The court also finds that the remaining prerequisites of Rule 23(a) are met. The typicality requirements of (a) (3) have been described as a buttress to the fair representation requirements of (a) (4). In re Four Seasons Securities Laws Litigation, 502 F.2d 834, 841 (10th Cir.), cert. denied, 419 U.S. 1034, 95 S. Ct. 516, 42 L. Ed. 2d 309 (1974). The wisdom of requiring typicality is that a plaintiff whose claims are in any way atypical may focus his efforts on the unique aspects of his claim and neglect the aspects common to the class. Or, if defenses are unique to the plaintiff, he or she may concentrate on those to the detriment of the class. Therefore, plaintiff could not adequately represent the class.

The representative parties here will fairly and adequately protect the interests of class members. As the classes are defined, the interests of the representative parties would not conflict with the interests of absent class members. Defendants' argument that a disabling conflict of interest exists between the representative parties and those class members who are asserting the validity of tax deductions taken on Flowerland investments in Internal Revenue Service and Treasury proceedings is not well taken. Whatever the resolution of those claims, if any potential conflict exists, it may be eliminated by class members' use of the opt-out mechanism provided under Rule 23(c) (2). Therefore, it would be premature to deny class certification at this time. If numerosity problems arise at a later time because of exercise of the opt-out right, the court may decertify the classes at that time.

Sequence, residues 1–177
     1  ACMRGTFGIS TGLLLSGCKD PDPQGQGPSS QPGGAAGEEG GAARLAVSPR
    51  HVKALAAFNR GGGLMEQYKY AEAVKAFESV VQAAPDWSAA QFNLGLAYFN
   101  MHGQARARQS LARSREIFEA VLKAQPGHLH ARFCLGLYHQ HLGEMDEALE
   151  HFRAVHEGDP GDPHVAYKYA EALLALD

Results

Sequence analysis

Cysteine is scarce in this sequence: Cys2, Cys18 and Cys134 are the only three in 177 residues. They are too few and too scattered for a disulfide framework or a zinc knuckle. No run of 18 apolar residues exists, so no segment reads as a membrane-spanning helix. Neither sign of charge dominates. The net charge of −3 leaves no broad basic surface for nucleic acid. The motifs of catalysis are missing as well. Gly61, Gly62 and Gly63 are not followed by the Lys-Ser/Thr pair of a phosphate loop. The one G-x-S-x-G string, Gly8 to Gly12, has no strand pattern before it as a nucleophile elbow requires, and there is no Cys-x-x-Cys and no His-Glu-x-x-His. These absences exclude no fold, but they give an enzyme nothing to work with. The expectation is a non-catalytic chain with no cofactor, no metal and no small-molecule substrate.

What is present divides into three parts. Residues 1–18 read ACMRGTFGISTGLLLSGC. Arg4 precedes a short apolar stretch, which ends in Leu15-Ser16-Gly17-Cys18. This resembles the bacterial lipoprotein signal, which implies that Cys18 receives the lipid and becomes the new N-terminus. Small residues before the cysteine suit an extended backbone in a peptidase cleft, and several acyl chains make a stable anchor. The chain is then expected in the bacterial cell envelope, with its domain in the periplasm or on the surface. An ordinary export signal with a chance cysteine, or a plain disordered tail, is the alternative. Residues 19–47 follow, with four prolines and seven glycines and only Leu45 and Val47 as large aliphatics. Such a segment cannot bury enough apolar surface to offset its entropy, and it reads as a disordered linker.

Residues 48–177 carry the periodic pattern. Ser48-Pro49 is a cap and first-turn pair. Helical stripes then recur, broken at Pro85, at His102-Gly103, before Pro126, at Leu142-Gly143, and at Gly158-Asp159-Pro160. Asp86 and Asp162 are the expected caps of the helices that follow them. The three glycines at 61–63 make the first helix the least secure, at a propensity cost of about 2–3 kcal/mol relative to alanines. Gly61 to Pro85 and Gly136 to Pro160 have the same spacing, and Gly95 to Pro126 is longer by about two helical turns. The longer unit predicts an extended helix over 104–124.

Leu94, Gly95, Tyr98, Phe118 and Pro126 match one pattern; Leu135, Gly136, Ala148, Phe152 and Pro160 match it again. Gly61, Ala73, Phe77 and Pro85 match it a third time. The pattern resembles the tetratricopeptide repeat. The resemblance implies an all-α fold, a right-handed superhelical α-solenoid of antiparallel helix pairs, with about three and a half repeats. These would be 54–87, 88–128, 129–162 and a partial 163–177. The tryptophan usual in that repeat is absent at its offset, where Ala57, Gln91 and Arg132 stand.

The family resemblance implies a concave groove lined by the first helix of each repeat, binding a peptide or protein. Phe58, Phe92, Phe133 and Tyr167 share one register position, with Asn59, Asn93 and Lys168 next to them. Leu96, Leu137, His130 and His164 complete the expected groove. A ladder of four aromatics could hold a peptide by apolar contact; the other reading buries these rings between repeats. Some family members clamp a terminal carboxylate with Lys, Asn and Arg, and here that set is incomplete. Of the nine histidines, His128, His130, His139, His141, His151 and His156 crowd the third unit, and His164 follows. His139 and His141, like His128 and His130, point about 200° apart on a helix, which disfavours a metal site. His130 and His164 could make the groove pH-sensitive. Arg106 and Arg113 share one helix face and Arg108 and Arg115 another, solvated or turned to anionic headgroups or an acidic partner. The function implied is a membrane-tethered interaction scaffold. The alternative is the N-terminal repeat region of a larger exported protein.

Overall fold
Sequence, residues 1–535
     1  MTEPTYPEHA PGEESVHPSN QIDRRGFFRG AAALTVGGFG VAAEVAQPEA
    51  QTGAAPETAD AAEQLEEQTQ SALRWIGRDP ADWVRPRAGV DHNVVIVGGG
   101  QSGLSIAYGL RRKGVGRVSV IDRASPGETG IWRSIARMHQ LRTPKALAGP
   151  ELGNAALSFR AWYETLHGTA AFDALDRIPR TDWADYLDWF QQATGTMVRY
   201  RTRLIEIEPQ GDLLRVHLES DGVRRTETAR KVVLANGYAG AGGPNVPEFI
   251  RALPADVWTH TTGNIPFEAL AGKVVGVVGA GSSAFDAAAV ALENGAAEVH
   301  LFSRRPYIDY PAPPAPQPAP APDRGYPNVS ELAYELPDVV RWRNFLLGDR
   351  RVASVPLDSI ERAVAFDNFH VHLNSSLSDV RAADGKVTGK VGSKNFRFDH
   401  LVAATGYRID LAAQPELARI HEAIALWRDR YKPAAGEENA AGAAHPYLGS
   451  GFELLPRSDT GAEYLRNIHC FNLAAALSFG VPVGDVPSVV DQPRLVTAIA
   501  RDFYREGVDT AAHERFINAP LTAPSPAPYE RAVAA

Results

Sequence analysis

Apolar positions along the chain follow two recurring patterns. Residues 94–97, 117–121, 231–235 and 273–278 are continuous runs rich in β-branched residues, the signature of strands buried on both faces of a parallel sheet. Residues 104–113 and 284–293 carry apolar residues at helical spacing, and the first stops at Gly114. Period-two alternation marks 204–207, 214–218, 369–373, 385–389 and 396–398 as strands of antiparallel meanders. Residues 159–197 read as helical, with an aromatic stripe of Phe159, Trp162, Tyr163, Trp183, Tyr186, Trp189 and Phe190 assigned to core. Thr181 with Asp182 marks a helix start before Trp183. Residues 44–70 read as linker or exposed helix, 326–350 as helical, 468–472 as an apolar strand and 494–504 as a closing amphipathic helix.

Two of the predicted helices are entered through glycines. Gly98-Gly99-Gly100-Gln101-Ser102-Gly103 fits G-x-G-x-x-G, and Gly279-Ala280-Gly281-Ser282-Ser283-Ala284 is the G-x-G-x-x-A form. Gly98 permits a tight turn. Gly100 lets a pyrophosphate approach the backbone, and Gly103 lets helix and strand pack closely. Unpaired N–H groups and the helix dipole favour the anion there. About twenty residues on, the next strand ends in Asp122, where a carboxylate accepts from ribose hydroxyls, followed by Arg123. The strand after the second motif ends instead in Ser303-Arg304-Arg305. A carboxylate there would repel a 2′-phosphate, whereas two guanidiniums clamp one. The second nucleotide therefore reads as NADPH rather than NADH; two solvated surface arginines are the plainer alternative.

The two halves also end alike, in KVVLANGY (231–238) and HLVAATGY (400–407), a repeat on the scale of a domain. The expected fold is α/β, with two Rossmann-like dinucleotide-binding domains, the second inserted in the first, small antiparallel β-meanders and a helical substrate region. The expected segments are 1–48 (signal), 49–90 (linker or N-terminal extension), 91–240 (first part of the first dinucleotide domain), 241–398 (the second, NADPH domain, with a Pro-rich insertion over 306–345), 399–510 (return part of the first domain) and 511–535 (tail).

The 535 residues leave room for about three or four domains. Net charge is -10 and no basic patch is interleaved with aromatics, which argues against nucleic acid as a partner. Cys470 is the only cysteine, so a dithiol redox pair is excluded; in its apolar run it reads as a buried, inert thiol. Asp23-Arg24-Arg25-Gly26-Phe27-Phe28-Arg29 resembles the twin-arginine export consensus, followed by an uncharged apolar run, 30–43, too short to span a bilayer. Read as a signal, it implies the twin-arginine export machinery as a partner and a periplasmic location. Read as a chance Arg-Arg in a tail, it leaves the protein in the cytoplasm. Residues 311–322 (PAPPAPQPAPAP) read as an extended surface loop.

*632 Representation is also adequate in that counsel for both the Hudsons and Blechman are experienced in complex securities litigation of this nature and are well qualified to serve as class counsel. Defendants do not dispute their ability. Defendants do, however, question the adequacy of representation by Blechman and his counsel Kriendler & Kriendler based on alleged conflicts of interest. Defendants argue that Kriendler previously represented as a plaintiff in this action the law firm of Bernstein, Sewell and Kove, who in fact should have been a member of the proposed defendant underwriter class or charged as a "seller." Defendants also argue that Blechman improperly hired Kriendler despite his awareness of the conflict. Defendant's solicitude for the interests of plaintiff class members is misplaced. There is nothing in the record to support defendant's characterization of Bernstein as a defendant.